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Unformatted text preview: elf on one side of the
equation then square both sides. At this point the process is different so we’ll see how to proceed
from this point once we reach it in the first example.
(a) 2 x  1  x  4 = 2
So, the first thing to do is get one of the square roots by itself. It doesn’t matter which one we get
by itself. We’ll end up the same solution(s) in the end. 2x 1 = 2 + x  4 ( 2x 1 ) = (2 +
2 x4 ) 2 2x 1 = 4 + 4 x  4 + x  4
2x 1 = 4 x  4 + x
Now, we still have a square root in the problem, but we have managed to eliminate one of them.
Not only that, but what we’ve got left here is identical to the examples we worked in the first part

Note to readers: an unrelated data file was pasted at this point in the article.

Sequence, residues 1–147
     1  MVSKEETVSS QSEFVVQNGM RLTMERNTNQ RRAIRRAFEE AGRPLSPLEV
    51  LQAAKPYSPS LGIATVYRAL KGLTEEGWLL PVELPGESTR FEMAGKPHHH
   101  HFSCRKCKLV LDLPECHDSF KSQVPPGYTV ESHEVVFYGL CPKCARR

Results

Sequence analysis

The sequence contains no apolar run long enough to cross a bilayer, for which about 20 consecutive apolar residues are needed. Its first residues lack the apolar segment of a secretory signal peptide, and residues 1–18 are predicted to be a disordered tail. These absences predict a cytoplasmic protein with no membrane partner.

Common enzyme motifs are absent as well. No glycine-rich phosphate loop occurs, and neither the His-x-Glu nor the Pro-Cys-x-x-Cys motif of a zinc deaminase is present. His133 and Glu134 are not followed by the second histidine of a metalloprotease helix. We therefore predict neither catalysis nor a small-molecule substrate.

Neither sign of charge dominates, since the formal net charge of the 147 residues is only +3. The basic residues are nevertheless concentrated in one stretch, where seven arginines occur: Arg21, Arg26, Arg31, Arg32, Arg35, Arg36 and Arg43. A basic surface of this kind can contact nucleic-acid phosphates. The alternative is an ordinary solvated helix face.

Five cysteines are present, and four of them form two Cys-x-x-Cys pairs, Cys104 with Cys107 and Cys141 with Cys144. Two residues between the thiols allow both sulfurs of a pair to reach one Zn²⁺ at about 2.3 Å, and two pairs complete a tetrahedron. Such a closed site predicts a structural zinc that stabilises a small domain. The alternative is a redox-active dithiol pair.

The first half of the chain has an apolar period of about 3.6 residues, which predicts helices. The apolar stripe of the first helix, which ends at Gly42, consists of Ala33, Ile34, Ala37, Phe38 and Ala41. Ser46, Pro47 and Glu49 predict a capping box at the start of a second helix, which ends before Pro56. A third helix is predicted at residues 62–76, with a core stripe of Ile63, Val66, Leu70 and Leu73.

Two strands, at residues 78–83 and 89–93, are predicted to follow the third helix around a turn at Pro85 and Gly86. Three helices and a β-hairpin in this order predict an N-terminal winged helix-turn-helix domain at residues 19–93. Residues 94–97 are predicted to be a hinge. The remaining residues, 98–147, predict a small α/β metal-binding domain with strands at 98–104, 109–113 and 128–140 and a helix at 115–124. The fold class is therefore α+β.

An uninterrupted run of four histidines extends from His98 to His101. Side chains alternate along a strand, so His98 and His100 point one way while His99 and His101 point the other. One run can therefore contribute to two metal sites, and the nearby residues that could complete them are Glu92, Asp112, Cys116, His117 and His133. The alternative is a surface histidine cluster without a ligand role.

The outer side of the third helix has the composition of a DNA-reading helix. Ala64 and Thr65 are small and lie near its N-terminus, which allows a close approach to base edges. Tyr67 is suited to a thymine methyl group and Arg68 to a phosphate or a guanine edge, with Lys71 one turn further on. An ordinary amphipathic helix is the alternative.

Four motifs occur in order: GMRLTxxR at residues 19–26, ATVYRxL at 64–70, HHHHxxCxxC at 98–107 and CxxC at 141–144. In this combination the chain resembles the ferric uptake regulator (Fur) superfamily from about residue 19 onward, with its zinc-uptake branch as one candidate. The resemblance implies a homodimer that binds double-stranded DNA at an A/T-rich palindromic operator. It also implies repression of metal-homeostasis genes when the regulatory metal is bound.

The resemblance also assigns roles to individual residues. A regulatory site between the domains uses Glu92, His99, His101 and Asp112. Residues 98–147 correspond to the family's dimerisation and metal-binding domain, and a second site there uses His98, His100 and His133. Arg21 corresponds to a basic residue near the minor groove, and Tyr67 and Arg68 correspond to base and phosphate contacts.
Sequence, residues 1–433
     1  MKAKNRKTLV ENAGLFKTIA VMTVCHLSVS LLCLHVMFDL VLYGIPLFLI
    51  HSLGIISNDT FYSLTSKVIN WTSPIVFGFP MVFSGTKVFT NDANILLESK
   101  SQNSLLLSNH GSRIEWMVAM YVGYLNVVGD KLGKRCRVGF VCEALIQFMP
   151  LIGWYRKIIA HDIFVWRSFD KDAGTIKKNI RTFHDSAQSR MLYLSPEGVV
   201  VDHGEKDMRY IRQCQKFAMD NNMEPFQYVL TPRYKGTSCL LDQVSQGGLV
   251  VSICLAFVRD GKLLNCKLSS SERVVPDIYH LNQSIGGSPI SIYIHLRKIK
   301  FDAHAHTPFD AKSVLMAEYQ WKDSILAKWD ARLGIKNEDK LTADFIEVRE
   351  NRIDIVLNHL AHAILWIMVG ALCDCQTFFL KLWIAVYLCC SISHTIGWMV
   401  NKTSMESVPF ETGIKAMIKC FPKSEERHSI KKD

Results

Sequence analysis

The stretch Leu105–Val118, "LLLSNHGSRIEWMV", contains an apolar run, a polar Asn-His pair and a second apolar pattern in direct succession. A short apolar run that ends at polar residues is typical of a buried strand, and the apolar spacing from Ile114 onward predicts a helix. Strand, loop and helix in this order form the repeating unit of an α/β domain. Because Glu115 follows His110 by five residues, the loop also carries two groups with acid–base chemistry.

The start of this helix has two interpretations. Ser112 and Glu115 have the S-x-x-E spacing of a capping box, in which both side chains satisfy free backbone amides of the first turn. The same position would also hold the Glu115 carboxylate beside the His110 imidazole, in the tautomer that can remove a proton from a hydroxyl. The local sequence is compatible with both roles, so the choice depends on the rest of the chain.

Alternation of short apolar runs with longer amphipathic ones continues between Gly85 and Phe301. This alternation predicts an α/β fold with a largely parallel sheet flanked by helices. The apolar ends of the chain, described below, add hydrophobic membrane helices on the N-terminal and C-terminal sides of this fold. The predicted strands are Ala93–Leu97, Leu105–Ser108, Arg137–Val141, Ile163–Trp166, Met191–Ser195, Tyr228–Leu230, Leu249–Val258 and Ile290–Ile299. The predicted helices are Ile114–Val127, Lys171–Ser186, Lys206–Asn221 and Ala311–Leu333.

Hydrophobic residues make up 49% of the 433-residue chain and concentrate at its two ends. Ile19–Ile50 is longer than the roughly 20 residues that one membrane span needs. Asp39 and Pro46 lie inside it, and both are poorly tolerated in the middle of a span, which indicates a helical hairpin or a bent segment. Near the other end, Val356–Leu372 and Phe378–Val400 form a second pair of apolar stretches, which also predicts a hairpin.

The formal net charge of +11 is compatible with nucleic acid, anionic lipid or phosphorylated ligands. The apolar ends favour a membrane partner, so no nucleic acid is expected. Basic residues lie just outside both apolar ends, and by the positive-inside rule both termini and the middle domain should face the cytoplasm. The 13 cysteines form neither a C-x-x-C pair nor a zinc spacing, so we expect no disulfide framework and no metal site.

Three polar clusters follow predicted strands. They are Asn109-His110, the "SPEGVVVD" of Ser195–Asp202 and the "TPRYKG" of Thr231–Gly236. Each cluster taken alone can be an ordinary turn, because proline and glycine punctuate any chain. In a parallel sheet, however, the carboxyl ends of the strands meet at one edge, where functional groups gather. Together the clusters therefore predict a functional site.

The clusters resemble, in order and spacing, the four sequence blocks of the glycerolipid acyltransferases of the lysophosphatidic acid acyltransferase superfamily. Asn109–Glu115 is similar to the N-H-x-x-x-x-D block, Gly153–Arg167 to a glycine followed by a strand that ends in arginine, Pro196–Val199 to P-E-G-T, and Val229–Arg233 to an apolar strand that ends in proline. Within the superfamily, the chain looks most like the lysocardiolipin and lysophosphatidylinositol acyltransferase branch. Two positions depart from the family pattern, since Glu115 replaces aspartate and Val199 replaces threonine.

of this section. Therefore, we will continue now work this problem as we did in the previous sets
of examples. ( x  1) 2 ( = 4 x4 ) 2 x 2  2 x + 1 = 16 ( x  4 )
x 2  2 x + 1 = 16 x  64
x 2  18 x + 65 = 0 ( x  13)( x  5 ) = 0 Þ x = 13, x = 5 Now, let’s check both possible solutions in the original equation. We’ll start with x = 13 2 (13)  1  13  4 = 2
? ? 25  9 = 2
53= 2
So...
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This note was uploaded on 06/06/2012 for the course ICT 4 taught by Professor Mrvinh during the Spring '12 term at Hanoi University of Technology.
 Spring '12
 MrVinh

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